Generally speaking, the scores produced by FinTech and data usage bear a question of social acceptability: is it socially desirable to deny a loan to a citizen based on a score, without further explanation? Can biases be embedded into those scores? How should these scores be used in exceptional times, such as the current COVID-19 crisis? In the US, a variety of measures have been proposed, on both bank-by-bank and state-wide bases. These include grace periods, forbearance, or a non-accrual of interest for a given period of time. In Brazil, the House of Representatives drafted a proposal in order to prevent bureaus from registering late payments taking place after March 20, that is, during the time of the pandemic. This law is to be analyzed by the Senate.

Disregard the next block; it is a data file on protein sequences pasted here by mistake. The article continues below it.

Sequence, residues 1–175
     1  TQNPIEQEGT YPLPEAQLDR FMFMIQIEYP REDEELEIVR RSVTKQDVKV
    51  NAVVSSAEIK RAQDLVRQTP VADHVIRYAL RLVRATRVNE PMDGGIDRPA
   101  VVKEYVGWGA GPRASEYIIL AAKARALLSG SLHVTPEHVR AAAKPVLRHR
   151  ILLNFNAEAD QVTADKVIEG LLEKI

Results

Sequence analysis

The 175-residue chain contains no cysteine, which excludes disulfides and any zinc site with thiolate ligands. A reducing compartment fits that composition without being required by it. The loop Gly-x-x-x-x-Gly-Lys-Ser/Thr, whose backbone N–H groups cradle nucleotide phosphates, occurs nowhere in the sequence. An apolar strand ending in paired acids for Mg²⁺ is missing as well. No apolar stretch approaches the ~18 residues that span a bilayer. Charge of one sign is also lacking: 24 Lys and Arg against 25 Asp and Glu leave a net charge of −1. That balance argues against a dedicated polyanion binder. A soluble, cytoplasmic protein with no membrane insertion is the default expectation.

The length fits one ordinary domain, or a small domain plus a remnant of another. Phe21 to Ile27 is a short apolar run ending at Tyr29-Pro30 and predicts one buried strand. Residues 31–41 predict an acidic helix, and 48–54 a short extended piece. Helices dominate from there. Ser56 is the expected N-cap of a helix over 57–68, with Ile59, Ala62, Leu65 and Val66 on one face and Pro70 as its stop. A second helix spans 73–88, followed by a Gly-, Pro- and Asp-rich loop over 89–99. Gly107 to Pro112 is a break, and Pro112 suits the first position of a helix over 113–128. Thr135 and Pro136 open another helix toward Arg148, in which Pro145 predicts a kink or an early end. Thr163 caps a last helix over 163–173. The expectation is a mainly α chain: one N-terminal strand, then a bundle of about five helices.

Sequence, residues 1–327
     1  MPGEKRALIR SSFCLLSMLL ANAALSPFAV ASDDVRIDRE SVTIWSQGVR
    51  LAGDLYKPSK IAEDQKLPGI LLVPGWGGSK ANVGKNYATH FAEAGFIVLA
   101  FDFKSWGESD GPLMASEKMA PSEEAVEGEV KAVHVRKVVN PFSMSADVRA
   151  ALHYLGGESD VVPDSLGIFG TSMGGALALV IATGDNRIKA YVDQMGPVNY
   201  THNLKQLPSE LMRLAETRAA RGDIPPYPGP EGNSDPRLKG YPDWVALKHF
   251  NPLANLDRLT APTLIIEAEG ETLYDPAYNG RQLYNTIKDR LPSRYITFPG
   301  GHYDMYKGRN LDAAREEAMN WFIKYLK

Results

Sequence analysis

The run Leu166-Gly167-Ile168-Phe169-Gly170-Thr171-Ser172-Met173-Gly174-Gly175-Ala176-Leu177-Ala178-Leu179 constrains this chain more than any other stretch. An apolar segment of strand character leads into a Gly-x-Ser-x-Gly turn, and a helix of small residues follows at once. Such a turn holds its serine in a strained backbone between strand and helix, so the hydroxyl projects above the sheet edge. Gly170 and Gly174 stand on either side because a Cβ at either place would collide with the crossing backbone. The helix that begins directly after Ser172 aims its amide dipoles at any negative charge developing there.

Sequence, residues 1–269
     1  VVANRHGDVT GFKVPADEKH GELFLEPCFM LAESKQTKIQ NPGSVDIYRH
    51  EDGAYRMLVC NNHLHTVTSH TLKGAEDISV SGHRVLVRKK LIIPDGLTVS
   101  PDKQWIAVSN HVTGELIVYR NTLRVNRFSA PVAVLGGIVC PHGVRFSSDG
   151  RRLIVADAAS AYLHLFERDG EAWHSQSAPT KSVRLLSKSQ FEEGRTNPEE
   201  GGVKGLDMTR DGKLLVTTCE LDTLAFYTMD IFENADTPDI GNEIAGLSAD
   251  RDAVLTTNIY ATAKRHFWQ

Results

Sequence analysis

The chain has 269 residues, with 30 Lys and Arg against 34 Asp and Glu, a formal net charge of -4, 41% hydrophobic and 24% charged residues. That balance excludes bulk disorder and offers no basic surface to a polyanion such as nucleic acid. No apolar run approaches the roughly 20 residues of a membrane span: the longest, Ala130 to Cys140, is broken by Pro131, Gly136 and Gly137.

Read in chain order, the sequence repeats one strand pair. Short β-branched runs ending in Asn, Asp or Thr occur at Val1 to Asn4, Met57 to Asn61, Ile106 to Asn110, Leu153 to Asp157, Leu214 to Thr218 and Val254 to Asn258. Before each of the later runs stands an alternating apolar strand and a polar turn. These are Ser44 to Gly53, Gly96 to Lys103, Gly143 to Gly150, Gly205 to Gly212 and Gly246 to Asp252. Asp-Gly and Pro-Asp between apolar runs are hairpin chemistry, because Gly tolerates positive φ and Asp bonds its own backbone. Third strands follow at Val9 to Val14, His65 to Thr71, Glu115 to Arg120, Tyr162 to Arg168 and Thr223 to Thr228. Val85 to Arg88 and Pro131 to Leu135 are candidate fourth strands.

Removing data from bureaus is unlikely to create a favorable environment for lending and reduce credit rationing. As more people miss loan or bill payments due to the crisis, credit scores will need to capture the overall credit profile of individuals, not the impact of a particular accident alone.

Frederic de Mariz is adjunct professor of financial innovation and impact investing at Columbia University, and head of the Latin American financial institutions group at UBS.